release on carvers

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release on carvers

Postby jclayton » Wed Sep 15, 2004 10:03 am

When skiing I feel the release quite differently to when on carvers due to the difference in rebound or spring . On carvers it is difficult to feel any rebound at all when flexing .

Is this good in that you have to flex more actively ?

Is it bad in that there is a big difference in the feel ?

What sensations do others have in this part of the turn on carvers ?

Could this rebound be built into future carvers ?

Iam talking about the normal release as in the Super Phantom , not the weighted release where rebound is not so important ( IMHO )

Movements at this point seem to have to be a lot more subtle on carvers than on skis .
skinut ,among other things
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Add slope and speed

Postby Harald » Wed Sep 15, 2004 4:44 pm

Jclayton asked the following:


When skiing I feel the release quite differently to when on carvers due to the difference in rebound or spring . On carvers it is difficult to feel any rebound at all when flexing .

Is this good in that you have to flex more actively ?

Is it bad in that there is a big difference in the feel ?

What sensations do others have in this part of the turn on carvers ?

Could this rebound be built into future carvers ?

I am talking about the normal release as in the Super Phantom , not the weighted release where rebound is not so important ( IMHO )

Movements at this point seem to have to be a lot more subtle on carvers than on skis .
_________________
skinut ,among other things


My answer to all the questions is in the single word, “SPEED”

Simple word gets complicated quickly when you explain the reasons. So without getting too complicated speed and sharper direction changes will give you rebound on Harb Carvers. We have observed numerious national level racers and a former gold medallist using the Carvers with amazing rebound. If you follow the following criteria, you will find rebound and energy in your Carver turns. Use the Carvers on a 5 to 6 percent slope. Set up gates or markers on the road, off set them five feet to each side of the vertical falline. Vertical distance between markers should be fifteen to twenty feet. If you connect turns in this set up, you have to begin to feel rebound as you are building enough energy under the wheels that will need either a phantom release or retraction (weighted) release. You can accomplish these turns on any of the three models. I hope this helps, as we have encountered the same questions from others using the Carvers. It sands to reason that skiers want to feel under control. Carver users might want to be even in more control given the surface. I recommend you up your slope angle and your speed, but do it gradually. Make sure you feel comfortable at every level before you move to the next.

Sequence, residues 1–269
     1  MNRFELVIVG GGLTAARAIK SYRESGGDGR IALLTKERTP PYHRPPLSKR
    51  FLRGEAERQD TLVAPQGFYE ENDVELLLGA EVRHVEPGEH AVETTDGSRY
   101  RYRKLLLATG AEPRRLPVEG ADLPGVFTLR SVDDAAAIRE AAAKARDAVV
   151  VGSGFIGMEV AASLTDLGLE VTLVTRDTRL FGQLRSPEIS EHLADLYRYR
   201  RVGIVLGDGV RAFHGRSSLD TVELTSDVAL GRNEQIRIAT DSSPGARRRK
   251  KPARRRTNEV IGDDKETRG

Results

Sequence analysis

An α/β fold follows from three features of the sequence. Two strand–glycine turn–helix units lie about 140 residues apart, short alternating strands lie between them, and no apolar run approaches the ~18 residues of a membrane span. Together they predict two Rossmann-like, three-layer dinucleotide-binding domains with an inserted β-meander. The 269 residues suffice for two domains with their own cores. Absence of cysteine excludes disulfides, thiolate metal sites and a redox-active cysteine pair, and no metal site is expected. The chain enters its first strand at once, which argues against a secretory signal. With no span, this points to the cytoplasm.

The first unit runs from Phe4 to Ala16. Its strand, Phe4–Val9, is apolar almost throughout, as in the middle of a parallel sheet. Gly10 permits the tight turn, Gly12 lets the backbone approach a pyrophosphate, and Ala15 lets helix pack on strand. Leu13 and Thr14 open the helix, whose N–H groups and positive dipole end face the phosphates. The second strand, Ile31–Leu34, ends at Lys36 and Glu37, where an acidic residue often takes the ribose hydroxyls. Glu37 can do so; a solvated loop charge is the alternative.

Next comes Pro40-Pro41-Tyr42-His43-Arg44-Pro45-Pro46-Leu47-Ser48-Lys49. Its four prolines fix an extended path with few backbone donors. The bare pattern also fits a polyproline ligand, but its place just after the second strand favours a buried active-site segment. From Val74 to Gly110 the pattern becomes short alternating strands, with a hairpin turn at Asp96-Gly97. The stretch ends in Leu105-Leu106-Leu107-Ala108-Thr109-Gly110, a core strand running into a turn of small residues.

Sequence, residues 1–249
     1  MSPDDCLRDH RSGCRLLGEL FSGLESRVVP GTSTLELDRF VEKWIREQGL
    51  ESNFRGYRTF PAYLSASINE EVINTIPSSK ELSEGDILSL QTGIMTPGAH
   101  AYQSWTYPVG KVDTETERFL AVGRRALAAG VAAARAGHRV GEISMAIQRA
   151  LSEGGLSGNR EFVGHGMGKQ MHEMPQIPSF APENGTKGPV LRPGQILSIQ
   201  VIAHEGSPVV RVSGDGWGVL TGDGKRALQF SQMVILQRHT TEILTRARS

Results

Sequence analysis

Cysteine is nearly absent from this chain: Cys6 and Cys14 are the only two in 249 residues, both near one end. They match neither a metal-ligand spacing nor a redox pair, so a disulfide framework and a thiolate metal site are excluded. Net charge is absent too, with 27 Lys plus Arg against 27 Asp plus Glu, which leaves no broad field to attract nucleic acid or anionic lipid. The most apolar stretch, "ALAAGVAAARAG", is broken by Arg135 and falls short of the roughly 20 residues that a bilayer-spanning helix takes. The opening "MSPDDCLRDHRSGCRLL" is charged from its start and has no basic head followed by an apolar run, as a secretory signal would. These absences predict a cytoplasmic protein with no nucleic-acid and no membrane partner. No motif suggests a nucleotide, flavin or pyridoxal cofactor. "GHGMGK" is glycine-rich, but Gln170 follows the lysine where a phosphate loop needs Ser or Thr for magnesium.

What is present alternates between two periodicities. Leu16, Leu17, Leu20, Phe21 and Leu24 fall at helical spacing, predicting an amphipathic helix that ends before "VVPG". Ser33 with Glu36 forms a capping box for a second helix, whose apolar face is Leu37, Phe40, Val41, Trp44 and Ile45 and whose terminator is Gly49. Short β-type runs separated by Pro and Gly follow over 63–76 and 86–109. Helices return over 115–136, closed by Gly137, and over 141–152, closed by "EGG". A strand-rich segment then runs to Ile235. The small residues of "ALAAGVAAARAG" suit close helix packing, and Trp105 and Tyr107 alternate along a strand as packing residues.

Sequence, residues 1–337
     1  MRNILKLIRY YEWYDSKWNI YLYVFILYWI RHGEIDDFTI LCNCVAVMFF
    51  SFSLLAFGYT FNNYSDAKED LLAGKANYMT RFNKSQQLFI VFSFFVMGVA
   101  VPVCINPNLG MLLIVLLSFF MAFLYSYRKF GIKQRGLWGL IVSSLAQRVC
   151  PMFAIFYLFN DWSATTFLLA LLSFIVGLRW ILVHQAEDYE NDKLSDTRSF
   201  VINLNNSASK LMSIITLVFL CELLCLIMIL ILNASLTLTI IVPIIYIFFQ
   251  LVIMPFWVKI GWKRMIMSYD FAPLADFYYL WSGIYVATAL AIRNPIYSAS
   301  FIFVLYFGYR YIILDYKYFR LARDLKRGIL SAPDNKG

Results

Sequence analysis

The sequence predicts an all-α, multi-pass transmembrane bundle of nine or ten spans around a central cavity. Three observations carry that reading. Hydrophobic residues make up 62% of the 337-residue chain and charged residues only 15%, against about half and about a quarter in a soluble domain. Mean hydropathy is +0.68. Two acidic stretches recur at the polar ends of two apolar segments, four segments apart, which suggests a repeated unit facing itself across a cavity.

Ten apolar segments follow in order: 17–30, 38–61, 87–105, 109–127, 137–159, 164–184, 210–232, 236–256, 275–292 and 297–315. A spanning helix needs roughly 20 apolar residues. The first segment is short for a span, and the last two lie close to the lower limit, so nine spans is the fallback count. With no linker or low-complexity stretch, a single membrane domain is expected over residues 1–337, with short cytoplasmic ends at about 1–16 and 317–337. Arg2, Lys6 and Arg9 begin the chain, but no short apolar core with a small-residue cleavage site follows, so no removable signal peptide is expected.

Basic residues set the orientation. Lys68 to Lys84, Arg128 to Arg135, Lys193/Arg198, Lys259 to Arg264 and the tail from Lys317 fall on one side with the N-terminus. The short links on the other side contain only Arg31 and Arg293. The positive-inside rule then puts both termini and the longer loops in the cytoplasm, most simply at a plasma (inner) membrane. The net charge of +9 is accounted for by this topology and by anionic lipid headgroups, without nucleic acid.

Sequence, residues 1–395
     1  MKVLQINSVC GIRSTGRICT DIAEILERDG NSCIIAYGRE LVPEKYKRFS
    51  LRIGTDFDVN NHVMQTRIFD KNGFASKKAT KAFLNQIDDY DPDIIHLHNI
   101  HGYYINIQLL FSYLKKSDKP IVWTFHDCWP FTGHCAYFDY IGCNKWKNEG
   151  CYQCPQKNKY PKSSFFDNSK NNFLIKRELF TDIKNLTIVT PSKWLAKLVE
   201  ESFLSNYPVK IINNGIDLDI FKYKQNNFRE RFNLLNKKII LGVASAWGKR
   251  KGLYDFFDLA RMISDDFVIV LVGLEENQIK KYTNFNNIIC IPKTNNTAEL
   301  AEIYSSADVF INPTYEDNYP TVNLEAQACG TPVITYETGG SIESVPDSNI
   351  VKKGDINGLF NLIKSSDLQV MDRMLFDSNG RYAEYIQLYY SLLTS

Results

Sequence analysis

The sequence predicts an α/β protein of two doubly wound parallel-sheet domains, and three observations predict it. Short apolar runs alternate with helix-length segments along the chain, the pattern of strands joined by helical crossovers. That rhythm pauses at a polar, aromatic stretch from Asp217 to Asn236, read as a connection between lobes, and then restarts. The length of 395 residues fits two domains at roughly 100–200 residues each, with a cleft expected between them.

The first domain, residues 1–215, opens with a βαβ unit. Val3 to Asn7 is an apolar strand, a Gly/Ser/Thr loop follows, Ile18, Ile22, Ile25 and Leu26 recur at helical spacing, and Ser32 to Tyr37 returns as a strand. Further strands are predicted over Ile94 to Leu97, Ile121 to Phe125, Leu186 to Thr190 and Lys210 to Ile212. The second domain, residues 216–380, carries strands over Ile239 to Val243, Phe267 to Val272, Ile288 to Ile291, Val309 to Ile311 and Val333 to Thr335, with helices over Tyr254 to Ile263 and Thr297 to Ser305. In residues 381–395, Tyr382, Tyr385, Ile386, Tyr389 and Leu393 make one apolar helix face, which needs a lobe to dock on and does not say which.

Harald
 

Postby piggyslayer » Thu Sep 16, 2004 7:04 am

Just to add 2 cents:
I noticed that 3 degree slope with smooth surface maintains speed quite well.

I simply use regular skating stroke to gain initial speed before I hit the gates. You can gain more and more initial speed this way and this should be a good progression without using steeper run (I you do not have easy access to such or simply you want to be more in control).

Duck tape slalom on Carver is a bliss.

My Question: What is the biggest angle you can hope with with Carvers. I seem to feel that I am loosing the edge if I skate on steep roads and angulate more. I am not sure what are exactly the angles are causing the grip loss (hard to feel how much egde angle causes it but I think the angles have to be sharper than 45-50 degs).
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Postby jclayton » Thu Sep 16, 2004 1:23 pm

Right , I'm off now to add some speed ( putting on all my pads )

Would it be possible to see some clips of these racers doing aggressive fallline turns on Harb Carvers ? Or is this for Expert Skier 3 ?
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Postby harald » Thu Sep 16, 2004 9:11 pm

jclayton

Skisynergy has posted some links to aggressive Harb Carving, check his links on this forum. I don't have any footage of real gate training, except what we have on our web site, which is from last summer. Hope to have a DVD soon, combining Harb Carving with skiing exercises.

When you add a little more slope and speed, you will begin to feel the resistance building under the wheels. Use the grip to step or extend out of the turn. You can find what you are looking for when you add new and different experiences to your Carving reportoire. Be mindful in your carving that an early edge angle in the high C part of the arc is part of building pressure under the wheels, just like a turn on snow. Someone commented that he was skidding on steeper slopes. This is an indication of late pressure building and twisting of the leg, foot and boot. Those who can't feel their edges well enough on snow this late pressuring without noticing but on Harb Carvers you will notice it immediately. You won't find the faint-of-heart and tail-pusher skiers who are already satisfied looking for better releasing on a pair of Carvers.

HH
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